Bolting From Hurricane Irma: Maximizing the benefits of solar and an electric vehicle

The official end to Hurricane Season 2017 is today, November 30.  It was an especially unforgiving season and as we reflect back we wanted to share a story on how renewable energy and electric vehicles can offer benefits. The following is an account from two local Florida residents that we interviewed on how they fared through Hurricane Irma with their Chevy Bolt.

The sounds of the guests across the hallway fleeing in the middle of the night are what startled Simon and Jody awake. The couple had evacuated to a hotel in Punta Gorda, Florida because their home was in the projected path of the Category 4 storm. Dazed, they started following the local weather reports and Jody began to read a flurry of text messages on her phone saying, “Get out, it’s headed your way!”  Ironically, the storm had turned and was now projected to hit the west coast of Florida where they had sought refuge. By 2am, they decided it wasn’t worth the risk to stay put.  They tossed the room key to some young storm chasers that came to Punta Gorda with a “good luck guys, be safe” and were headed back to their coastal outpost of Miami, Coconut Grove.

Knowing you have prepared a plan but being flexible and quick to adapt are decisions that literally become life and death. Simon Rose of Coconut Grove and his girlfriend Jody Finver’s experience with Hurricane Irma demonstrates that reality.

The couple have a 9.1 kWh solar system on their home and enjoy the benefit of being “better than net zero” says Simon, meaning that their utility company pays them for generating more electricity than their home consumes. On the Thursday afternoon before the storm, they charged their Chevy Bolt on electricity generated by their rooftop solar, piled into their car with their dog, Walter, and headed for Punta Gorda.  Driving out of town, headed west on US 41, they witnessed gas station after gas station with people waiting in line for “blocks and blocks in the heat” for gasoline.  This same scenario played out all over the state as desperation for fuel to evacuate set in. Simon learned that one neighbor “waited in line for hours to be the third in line when the gas ran out.”

In their Chevrolet Bolt, they crossed the state on the Tamiami Trail. After traveling 175 miles to their destination, they still had 120 miles of range left. After recharging for 30 minutes at the Level 3 Station they were at full range and settled into their temporary home.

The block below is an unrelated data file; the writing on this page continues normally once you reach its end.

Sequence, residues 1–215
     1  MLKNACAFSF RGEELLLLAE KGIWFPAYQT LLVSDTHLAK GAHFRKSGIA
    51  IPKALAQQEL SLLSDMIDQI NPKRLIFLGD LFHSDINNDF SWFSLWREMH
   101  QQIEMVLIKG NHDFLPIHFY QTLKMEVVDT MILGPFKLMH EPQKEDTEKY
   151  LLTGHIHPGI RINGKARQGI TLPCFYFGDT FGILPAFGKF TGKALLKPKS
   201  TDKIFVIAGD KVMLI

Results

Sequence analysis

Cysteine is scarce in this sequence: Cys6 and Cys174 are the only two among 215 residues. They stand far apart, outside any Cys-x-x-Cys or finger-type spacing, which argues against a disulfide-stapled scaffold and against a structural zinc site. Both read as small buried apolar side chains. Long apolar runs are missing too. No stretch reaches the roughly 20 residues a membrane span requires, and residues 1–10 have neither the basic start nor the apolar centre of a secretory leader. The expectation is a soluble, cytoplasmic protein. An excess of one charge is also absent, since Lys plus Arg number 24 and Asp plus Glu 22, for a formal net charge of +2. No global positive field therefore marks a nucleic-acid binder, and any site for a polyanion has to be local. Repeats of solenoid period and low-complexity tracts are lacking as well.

Knowing where available charging stations are located is key to a successful evacuation route. Before they evacuated, Simon and Jody created a plan that factored in trying to get “as far west from the center of Irma as possible” explained Simon, which is how they selected Punta Gorda. They then narrowed it down to a hotel based on its proximity to a Level 3 Fast Charging Station. They used PlugShare, a web and phone app that allows you to locate charging stations on a map with details on the level of the charger. Level 2 charging can take several hours to recharge whereas a Level 3 DC fast charger allows you to recharge in about 30 minutes.

After two days at the hotel, relieved at their successful evacuation, however, Simon and Jody awoke in the middle of the night on Saturday, to news that the storm had turned and was now heading their way. They decided to just head back home to Coconut Grove.  They ‘topped off’ the car at the charging station once more to “get every watt in” and hit the road.  Simon described the dark drive home as “eerie”.  “There was a feeling of doom going east with only three cars the whole time on the Tamiami Trail and at least 80 miles of nothing”.  Simon used the vehicle’s one pedal driving (an energy saving feature of the Bolt) and kept a controlled speed to ensure he would get maximum range of the vehicle.  “It gets better efficiency to drive at certain speeds”.

By noon the next day the full force of Hurricane Irma was upon them back in Coconut Grove. The mature tree canopy was in ruins and the boats at the local marina “were completely destroyed” with some of their masts bent over.  In contrast, the couple’s solar rooftop panels (which are rated to withstand a Category 5 storm) were left totally unscathed as was their solar water heater. In fact, after 36 hours without power, they were back online and were able to charge the Bolt again.  They were even able to help ‘jump’ another neighbor’s internal combustible engine (ICE) vehicle battery.

The EV battery from the Bolt can also serve as back-up power. Many EV owners have used an inverter to charge appliances and phone chargers when their power goes out. It works by taking electricity stored in the car’s battery pack and converts it to AC power that  appliances can run on.  Simon and Jody are now considering purchasing an inverter for the next storm. The cost of an inverter ($169.00 on Amazon) is much lower than a gas generator and doesn’t come with the noise and fumes.

In all, Simon describes driving an EV as “such a relief” knowing his solar panels and EV kept him safe and able to get back to ‘normal’ much faster than most in the Sunshine State.

And for Florida folks wanting to go solar and use the sun to power their EVs, they should look for a Solar United Neighbors co-op in their county.

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